American education today is in a crisis -- and the harsh fact of the matter is that, without prompt federal action, that crisis will only grow worse.
One of the most critical challenges of our time is the need for education: education to equip our youth with the knowledge, the training and the skills which are necessary to our health as a nation -- and to our success in the great world competition between Democracy and Communist dictatorship.
Yet despite this pressing need, we have 135,000 less classrooms and 50,000 less teachers than are absolutely necessary to train today’s youth. Our children are forced to study in overcrowded and obsolete facilities under ill-trained and ill-paid teachers. And in the sixties, as our population expands, the number of children seeking admission to schools will also grow, putting an even greater strain on our already overburdened school system.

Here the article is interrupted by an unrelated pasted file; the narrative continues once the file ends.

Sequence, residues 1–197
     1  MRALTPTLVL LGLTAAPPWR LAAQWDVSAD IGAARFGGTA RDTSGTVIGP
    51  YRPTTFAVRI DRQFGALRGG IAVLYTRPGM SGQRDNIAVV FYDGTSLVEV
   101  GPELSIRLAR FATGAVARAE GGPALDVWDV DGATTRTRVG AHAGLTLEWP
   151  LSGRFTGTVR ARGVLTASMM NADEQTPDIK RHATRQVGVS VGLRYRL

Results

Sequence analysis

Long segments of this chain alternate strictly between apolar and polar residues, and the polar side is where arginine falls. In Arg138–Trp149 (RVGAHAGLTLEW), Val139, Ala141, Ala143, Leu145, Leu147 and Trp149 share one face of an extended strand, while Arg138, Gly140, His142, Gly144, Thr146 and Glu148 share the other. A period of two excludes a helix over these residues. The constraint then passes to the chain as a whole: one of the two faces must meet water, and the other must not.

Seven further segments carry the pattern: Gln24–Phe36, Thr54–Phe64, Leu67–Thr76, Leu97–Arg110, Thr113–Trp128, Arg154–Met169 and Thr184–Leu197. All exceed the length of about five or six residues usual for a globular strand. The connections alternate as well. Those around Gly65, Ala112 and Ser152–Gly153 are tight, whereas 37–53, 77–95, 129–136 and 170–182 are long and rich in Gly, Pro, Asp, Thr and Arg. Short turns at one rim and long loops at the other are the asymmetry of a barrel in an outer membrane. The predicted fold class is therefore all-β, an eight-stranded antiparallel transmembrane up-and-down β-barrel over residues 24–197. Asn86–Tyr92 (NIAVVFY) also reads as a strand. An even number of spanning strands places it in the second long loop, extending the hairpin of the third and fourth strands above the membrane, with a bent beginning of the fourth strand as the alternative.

The responsibility for education is a local responsibility -- but the problem is a national problem. And the federal government must do its share. I recently supported -- in the Senate -- a successful effort to pass legislation providing federal aid for school construction and teachers’ salaries -- a bill which leaves the control of education completely in local hands, but which returns federal tax dollars to the states so that they might provide a decent education for their youth.
This bill faces the prospect of an Administration veto. I urge the President to sign it -- to approve this great program -- so that we may equip our children for the great struggle for progress, for prosperity and for national survival which lies ahead. And if the President refuses to sign -- to give his approval -- then in 1960 we must elect a President who will support this vital program.
Speech source: Papers of John F. Kennedy. Pre-Presidential Papers. Senate Files. Series 12.1. Speech Files, 1953-1960.